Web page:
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Premenstrual Syndrome (PMS)

What is premenstrual syndrome (PMS)?

Premenstrual syndrome or PMS is a group of physical and emotional symptoms many women may have in the days before their period starts. Symptoms usually stop once the period starts. It’s thought to be related to the changing hormone levels of the menstrual cycle.

Lifestyle changes and sometimes medication are used to treat PMS.

What causes PMS?

The cause of PMS is unclear. It seems to be related to hormone fluctuations in the body. Changes in brain chemicals may also play a role.

What are the symptoms of PMS?

Symptoms may be slightly different for each woman. The following are the most common symptoms of PMS.

  • Irritability and mood swings
  • Trouble sleeping
  • Anxiety
  • Bloating and fluid buildup
  • Constipation or diarrhea
  • Backache or headache
  • Tender breasts
  • Forgetfulness and trouble concentrating
  • Acne
  • Food cravings

The symptoms of PMS may look like other conditions or medical problems. Consult a healthcare provider for diagnosis.

How is PMS diagnosed?

Aside from a complete medical history and physical and pelvic exam, there are very few additional tests. Your doctor may ask that you keep a journal of your symptoms for several months to better assess the timing, severity, onset, and duration of symptoms.

How is PMS treated?

Your healthcare provider will consider your age, overall health, symptoms and other factors when finding the best treatment for you.

Lifestyle changes and sometimes medicines can help manage PMS symptoms.
Medicines include:

  • Water pills (diuretics) before symptoms start  to reduce fluid buildup
  • Nonsteroidal anti-inflammatory medicines, or NSAIDs, such as aspirin and ibuprofen, to reduce pain
  • Birth control pills  
  • Medicines used to temporarily stop ovaries from making estrogen and progesterone
  • Antidepressants
Lifestyle changes:
  • Changing the diet to increase protein and decrease sugar and caffeine intake
  • Vitamin supplements such as vitamin B-6, calcium, and magnesium
  • Regular exercise

Can PMS be prevented?

For some women, making lifestyle changes helps to reduce the occurrence of PMS symptoms. These changes may include:

  • Get regular exercise 3 to 5 times each week
  • Eat a well-balanced diet. You should eat more whole grains, vegetables, and fruits, while eat less salt, sugar, caffeine, and alcohol.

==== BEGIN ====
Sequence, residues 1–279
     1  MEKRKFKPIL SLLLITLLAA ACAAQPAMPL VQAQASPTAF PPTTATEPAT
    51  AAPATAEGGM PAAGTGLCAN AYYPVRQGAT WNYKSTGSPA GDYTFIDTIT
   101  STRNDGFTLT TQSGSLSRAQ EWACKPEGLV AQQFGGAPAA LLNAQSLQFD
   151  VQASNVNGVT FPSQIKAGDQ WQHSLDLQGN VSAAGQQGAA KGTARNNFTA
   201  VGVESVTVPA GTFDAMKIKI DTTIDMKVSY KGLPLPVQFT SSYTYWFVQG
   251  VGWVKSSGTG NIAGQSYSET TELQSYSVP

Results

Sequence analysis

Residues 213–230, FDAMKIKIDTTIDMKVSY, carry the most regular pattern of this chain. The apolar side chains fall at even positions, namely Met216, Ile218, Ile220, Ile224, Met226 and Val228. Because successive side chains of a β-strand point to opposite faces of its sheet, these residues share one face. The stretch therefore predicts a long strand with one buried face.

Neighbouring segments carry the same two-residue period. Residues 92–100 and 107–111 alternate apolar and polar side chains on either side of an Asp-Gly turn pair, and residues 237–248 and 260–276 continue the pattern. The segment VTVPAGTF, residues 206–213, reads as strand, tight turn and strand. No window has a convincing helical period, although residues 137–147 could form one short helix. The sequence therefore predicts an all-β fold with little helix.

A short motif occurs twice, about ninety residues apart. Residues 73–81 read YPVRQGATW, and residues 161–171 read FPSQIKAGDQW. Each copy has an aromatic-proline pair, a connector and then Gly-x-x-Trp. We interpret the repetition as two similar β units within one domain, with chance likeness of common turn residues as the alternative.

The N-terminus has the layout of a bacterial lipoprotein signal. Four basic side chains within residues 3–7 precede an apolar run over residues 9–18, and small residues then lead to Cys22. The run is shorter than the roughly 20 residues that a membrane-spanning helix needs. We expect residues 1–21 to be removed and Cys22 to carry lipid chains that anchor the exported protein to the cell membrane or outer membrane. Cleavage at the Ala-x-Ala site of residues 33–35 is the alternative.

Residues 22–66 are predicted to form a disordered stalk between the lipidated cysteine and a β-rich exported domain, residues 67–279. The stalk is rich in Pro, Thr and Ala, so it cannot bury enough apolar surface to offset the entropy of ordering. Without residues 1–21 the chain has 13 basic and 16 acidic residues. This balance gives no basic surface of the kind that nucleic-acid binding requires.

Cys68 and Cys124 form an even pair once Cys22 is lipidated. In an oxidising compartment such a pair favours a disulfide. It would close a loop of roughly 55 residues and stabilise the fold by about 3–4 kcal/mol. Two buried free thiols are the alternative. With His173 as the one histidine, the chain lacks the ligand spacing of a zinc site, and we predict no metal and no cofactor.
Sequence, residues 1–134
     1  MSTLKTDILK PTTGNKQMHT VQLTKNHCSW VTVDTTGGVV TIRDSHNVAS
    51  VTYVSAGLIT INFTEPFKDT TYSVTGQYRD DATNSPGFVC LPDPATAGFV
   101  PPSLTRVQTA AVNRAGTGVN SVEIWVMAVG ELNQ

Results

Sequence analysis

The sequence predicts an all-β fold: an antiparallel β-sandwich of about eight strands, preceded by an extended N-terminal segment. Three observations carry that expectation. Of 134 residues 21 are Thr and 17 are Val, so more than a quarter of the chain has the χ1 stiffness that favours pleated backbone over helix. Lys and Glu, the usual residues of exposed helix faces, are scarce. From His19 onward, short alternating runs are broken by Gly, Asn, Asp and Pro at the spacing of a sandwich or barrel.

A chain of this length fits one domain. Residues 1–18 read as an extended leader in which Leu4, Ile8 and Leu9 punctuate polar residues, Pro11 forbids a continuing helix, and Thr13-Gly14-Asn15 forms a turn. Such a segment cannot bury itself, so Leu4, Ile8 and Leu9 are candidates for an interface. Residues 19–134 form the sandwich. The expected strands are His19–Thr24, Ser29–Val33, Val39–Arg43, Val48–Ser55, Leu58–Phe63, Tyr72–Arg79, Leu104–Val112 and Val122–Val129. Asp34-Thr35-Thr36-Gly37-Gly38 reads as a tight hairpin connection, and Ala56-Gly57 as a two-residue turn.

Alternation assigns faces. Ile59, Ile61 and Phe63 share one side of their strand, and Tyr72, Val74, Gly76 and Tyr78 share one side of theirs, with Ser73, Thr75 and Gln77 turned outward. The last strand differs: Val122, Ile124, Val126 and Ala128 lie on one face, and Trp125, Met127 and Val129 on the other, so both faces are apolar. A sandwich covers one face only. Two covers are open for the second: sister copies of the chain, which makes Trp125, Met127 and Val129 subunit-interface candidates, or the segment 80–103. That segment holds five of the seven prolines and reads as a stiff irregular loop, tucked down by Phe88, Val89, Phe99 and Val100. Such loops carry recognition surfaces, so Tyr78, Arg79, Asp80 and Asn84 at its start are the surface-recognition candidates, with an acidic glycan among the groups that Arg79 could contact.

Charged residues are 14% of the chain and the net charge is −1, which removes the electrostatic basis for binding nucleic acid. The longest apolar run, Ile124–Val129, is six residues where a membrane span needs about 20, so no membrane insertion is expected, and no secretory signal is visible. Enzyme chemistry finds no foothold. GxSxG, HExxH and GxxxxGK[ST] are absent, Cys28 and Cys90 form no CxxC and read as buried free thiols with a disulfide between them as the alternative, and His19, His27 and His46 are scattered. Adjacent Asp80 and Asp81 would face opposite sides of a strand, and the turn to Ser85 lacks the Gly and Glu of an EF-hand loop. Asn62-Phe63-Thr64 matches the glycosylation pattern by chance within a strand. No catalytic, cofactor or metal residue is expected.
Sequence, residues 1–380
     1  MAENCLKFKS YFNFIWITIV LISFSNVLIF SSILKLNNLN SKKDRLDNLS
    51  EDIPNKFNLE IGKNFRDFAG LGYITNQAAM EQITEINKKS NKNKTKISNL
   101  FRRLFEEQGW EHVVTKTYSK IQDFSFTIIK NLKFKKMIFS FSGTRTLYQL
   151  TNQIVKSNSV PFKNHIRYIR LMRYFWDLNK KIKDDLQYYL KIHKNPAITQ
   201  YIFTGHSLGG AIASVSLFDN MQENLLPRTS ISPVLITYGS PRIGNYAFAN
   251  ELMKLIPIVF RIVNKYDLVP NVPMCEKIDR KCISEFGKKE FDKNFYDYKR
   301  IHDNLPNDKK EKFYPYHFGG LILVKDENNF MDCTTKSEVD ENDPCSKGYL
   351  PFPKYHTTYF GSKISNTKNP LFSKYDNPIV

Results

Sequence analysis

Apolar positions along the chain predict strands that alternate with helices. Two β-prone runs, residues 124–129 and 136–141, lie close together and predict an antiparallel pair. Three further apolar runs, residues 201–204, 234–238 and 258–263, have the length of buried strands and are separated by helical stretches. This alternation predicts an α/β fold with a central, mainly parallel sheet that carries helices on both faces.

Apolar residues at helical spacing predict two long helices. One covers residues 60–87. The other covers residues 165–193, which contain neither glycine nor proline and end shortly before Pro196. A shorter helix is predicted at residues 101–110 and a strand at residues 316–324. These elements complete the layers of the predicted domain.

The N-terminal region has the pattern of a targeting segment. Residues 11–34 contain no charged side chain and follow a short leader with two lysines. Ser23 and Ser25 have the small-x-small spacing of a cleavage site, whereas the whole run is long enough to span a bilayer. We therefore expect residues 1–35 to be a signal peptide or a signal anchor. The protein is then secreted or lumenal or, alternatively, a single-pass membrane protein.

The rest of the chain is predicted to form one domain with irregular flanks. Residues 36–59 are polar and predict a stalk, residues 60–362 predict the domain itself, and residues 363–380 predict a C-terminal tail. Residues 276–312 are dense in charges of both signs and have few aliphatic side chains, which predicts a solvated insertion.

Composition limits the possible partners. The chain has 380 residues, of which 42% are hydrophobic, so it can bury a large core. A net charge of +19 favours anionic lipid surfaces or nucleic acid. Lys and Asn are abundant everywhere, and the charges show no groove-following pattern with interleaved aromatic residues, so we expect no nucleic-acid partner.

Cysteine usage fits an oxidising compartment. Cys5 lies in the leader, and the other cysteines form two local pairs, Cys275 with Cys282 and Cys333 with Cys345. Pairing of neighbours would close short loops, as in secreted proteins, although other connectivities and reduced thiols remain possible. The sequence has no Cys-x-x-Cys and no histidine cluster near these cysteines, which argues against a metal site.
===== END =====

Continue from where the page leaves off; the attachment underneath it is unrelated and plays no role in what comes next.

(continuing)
• Get enough sleep and rest
  • Don’t smoke

When to seek medical care

Call your healthcare provider if you have symptoms of PMS that interfere with your ability to carry out your normal daily activities.

Key points about premenstrual syndrome

  • Premenstrual syndrome (PMS) is a group of physical and emotional symptoms many women may have in the days before their period starts.
  • It is thought to be related to the hormone changes of a woman’s menstrual cycle.
  • Lifestyle changes and sometimes medicines are used to treat PMS.

Next steps

Tips to help you get the most from a visit to your healthcare provider:

  • Before your visit, write down questions you want answered.
  • Bring someone with you to help you ask questions and remember what your provider tells you.
  • At the visit, write down the names of new medicines, treatments, or tests, and any new instructions your provider gives you.
  • If you have a follow-up appointment, write down the date, time, and purpose for that visit.
  • Know how you can contact your provider if you have questions.
Premenstrual Syndrome (PMS) - WellSpan Health

Online Medical Reviewer: Berry, Judith, PhD, APRN
Online Medical Reviewer: Ziegler, Olivia Walton, MS, PA-C
Last Review Date: 2014-02-08T00:00:00
Last Modified Date: 2015-11-12T00:00:00
Published Date: 2015-11-12T00:00:00
Last Review Date: 2007-06-30T00:00:00
© 2016 WellSpan Health. All Rights Reserved. This information is not intended as a substitute for professional medical care. Always follow your healthcare professional's instructions.

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